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Attending the Miracle

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Life may feel like a disaster sometimes; we seem stuck spiritually between the ancient times of miracles and the present, when it takes every ounce of effort to overcome adversity. We look at the time of miracles with doubt. We try to explain and rationalize miracles into an historical sense. What happened to the time when a holy man could just say the word and solve our problems? That may be our view of ancient miracles, like Jesus raising Lazarus from the dead... but is that all it took?

By Attending the Miracle, we can learn that miracles have always been a process that must involve us. Miracles are not magic tricks. Miracles take time and require great human effort, sometimes deep suffering, often a dizzying sense of confusion. In fact, there seem to be no miracles ever performed without pure human passion and hard labor. Most miracles are beyond what feels possible — certainly beyond what feels comfortable. Miracles require Profound Attention, a state of mind that we learn in the workshop titled "Light and Gravity". You must Attend the Miracle for your Miracle to become real. Immersed in doubt, fear, discomfort, pain, confusion, or ecstasy, you can still live passionately, intelligently, and generously by learning to Attend the Miracle that is in you and all around you.

"Attending the Miracle" offers a sequence of workshops, a network, and a forum for open communication that can help improve the lives of individuals and families, whatever share of worldly suffering and joy they may claim as their own.

Attending the Miracle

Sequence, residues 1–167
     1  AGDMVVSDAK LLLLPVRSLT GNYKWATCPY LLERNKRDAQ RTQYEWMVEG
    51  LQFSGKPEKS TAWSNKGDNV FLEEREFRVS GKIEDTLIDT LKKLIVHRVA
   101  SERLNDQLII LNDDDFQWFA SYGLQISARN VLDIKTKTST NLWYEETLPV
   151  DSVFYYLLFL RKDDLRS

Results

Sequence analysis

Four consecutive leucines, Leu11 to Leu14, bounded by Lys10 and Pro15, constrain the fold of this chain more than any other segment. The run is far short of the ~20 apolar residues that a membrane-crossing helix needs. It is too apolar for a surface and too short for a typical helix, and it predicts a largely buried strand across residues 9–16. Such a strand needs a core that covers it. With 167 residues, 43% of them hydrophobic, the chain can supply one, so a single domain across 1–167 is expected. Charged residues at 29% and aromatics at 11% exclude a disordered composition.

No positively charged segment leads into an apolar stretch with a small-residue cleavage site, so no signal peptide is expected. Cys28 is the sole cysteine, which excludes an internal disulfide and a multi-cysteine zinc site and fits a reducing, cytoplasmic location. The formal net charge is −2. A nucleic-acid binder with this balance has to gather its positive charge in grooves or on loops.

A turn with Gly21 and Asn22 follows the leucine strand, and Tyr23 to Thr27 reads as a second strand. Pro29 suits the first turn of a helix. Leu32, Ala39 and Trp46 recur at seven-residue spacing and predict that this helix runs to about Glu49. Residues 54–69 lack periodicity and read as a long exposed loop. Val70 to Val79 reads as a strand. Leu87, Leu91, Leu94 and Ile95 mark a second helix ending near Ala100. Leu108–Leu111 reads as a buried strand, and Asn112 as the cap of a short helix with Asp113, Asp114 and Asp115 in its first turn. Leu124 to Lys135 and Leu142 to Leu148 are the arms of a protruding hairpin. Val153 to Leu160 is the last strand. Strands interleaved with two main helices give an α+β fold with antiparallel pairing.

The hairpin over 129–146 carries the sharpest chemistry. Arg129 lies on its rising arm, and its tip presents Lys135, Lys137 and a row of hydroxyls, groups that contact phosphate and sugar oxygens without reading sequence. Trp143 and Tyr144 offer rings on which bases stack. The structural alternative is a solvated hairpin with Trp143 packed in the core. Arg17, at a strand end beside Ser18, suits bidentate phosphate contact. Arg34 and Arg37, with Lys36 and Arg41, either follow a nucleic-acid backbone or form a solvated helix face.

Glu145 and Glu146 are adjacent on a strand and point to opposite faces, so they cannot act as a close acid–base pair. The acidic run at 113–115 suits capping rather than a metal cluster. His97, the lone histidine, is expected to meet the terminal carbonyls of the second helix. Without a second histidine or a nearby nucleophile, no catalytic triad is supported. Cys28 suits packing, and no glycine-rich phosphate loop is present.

Attend your miracle. By attending the miracle, you are entering a world of extraordinary viewpoints; a world of developmental disability, medical disabilities, the blind and issues of blindness, vision rehabilitation, advocacy and the lives of powerful advocates. Very important social service information can be found at ARC, which is an organization that advocates on behalf of people with mental retardation. The information might include county services, case management, medicaid, tefra, assistance, welfare, child development, infant issues, crisis management, and pediatric services. Other groups work with mental illness, crisis, family sociology, cancer, cerebral palsy, behavior and behavioral health. They offer workshops, retreats, information, and support groups. The support that a family needs might include consulting, counseling, referral, resources, special education for special needs, autism, asperger syndrome (aka: aspergers or asperger's), birth defects, injury or trauma (including traumatic brain injury). The psychology of families in emergency medical situations requires early intervention and clear medical information; often psychological counseling is helpful. Physicians, doctors, nurses, and surgeons should be responsible for taking the time to consult adequately, so the family feels comforted, especially in crises that might require surgery, anesthesia, entering an operating suite, possible birth defects or natal syndromes, hydrocephalus, neurology, nerve issues, and the brain in general. Of course, this includes injury, accident, or extended hospital stays. Especially confusing is the world of the ICU, PICU, NICU, or intensive care of any kind. The nurse and nursing staff are often most directly in touch with the patient and family. Questions about medicine, drugs, treatment, how to recover, patient recovery, the operation, insurance, complimentary healing, the nature of a person's ability to heal, alternative medicine, and other issues can be addressed by different staff in the hospital. It is good for families to consider attending special conferences and workshops. It is important to understand the difference between a childrens hospital and a general care hospital. The medicine that is practiced in a children's hospital is geared specifically toward pediatric care. A child hospital deals with pediatrics, but also in most major metropolitan areas, has many resources for helping the entire family succeed and recover. The care of a sick child in a pediatric clinic by a primary care doctor is different from the care of an adult. The childrens medical facility will be child specialized. The pediatric physician with a pediatric specialty must be board certified in pediatric medicine. Finally, the stages of grief, anticipation, venting, loss, and worry are most difficult for the caregiver or caregivers. Caregiving is a very challenging task, but is ultimately driven by unconditional love. Care giving must be free of blame and guilt, but some emotional turmoil is unavoidable in such an intense life struggle. Support is critical, whether it is for child or elder care. Eldercare has many resources that are separate from child care. Involvement with health care policy, politics, and social justice is a personal decision that a family can make. Over all, it is a bittersweet journey, dealing with chronic illness.